For time complexity, it partly depends on where you want to improve the time. You could consider a FIFO where each record has the price and the timestamp and also something else: the largest price over every item that is as/more recent. This would mean an $O(n)$ operation for each batch of items that is inserted, but it would improve the time for fetching the maximum price, since you could peek at the front of the line, and pull off a few obsolete items (older than an hour) until you find an item no more than an hour old, and then the max price in that item is the value you want.
Or you could make each record contain the max price over all that is at least as old. In this case, to retrieve the max price over hour, it is an $O(1)$ operation if no old items need to be removed from the FIFO, but otherwise all the old items need to be purged and the max prices recomputed in $O(n)$.
But maybe what you want is a specialized B tree, in which each node contains as an extra field the largest price in the whole subtree. Whenever the B tree is restructured, all subtrees that are altered will require those fields to be recomputed. In the worst case, all deletions are happening at one end of the tree and all insertions at another... so I don't know if some of the extra balancing work of the tree is significant. After deleting an obsolete item, it would take $O(\log n)$ operations to update the nodes above it. Once a tree is purged of data more than an hour old (and all new data is added), only the tree root needs to be consulted to determine the maximum price in this case.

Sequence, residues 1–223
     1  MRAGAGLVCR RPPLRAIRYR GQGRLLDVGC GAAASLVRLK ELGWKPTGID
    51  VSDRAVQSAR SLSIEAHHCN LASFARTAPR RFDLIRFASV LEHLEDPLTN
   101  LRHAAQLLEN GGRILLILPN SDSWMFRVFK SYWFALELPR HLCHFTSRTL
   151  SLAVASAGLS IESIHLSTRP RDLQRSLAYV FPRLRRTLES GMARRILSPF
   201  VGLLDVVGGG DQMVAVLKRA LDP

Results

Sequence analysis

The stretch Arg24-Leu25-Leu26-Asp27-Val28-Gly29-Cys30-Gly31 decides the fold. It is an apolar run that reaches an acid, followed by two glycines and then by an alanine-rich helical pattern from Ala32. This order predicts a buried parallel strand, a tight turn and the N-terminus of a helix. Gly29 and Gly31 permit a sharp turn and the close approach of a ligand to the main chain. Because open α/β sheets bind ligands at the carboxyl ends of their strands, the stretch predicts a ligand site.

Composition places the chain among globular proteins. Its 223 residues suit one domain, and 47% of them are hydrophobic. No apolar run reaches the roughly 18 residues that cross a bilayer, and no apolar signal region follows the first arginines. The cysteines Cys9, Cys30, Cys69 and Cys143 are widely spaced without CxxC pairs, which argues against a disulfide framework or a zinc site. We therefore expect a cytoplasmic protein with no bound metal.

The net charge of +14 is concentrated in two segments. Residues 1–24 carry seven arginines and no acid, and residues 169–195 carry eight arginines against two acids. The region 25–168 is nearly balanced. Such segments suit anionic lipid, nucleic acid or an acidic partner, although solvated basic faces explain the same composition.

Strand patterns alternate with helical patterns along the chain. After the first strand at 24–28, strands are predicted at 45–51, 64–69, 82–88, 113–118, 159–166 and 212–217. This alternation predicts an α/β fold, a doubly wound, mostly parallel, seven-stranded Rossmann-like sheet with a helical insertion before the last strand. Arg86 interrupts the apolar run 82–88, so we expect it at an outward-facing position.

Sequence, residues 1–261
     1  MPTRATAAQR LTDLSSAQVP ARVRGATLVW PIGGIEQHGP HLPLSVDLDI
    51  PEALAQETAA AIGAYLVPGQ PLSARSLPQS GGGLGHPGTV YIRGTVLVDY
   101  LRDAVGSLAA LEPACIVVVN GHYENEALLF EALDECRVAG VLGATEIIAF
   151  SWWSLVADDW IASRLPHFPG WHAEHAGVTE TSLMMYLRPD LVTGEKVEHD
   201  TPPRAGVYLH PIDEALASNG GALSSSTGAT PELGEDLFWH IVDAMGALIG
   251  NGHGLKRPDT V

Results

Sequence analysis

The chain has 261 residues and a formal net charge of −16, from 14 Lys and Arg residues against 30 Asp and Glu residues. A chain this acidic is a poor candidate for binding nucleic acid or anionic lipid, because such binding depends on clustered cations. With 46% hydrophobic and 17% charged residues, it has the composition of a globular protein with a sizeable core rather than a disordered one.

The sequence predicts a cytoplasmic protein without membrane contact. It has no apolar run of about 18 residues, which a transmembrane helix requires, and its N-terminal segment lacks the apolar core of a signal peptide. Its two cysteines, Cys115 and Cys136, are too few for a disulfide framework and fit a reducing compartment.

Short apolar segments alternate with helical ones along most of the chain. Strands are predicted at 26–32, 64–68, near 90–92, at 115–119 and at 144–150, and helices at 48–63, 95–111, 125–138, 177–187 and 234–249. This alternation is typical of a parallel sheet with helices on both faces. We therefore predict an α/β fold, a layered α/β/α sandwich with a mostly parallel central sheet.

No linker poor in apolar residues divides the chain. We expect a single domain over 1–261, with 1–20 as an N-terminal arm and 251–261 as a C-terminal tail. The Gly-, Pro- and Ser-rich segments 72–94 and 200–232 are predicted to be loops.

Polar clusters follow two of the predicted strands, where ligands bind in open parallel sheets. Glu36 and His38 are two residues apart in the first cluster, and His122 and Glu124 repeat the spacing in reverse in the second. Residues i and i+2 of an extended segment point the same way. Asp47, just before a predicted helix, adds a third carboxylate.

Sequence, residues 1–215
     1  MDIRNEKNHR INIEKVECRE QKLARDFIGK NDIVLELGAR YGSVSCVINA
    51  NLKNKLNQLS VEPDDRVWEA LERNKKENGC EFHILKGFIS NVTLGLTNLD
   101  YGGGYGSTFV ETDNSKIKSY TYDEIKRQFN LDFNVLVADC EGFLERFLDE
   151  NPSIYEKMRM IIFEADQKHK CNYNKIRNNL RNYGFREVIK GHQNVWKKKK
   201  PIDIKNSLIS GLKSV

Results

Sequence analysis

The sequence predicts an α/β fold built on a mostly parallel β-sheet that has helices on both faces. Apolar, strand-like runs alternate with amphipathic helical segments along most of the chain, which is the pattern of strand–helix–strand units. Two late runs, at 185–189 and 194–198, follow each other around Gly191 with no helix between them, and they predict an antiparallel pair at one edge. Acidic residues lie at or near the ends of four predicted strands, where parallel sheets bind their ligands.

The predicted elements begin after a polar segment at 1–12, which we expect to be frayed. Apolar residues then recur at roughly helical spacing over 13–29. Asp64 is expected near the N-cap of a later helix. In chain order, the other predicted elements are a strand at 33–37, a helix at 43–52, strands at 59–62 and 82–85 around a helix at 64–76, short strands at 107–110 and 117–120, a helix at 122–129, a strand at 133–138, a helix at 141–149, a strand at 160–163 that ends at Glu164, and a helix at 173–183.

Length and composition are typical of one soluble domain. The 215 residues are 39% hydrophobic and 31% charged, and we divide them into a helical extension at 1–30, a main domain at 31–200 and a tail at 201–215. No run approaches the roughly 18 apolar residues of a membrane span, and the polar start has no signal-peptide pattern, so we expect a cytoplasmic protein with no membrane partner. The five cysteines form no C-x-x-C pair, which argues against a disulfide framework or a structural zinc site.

In all these instances, the best scheme with respect to time might depend on how frequently that price question needs to be answered compared to how frequently new data needs to be input.
I think the space complexities for these approaches are $O(n)$. With regard to space-saving you might think of having a data structure for each period of 10 minutes like so: 1:00-1:09; 1:10-1:19; etc. Then each price record only needs to contain a timestamp relative to the 10 minute threshold. If you precision is 1 sec, then each record only needs to distinguish which of 600 seconds the price is mamixum over. If it takes a second or more to compute the maximum anyway, then it should be precise enough to eliminate data that is 3600 +/- 1 second old.
The time precision is important. Is it close enough to count things minute by minute? If so, then you only need one record for each minute, and you can update the last minute's record with any new data if there are multiple data coming in for that minute. This will affect your storage by a significant factor, but this factor would only be $O(1)$.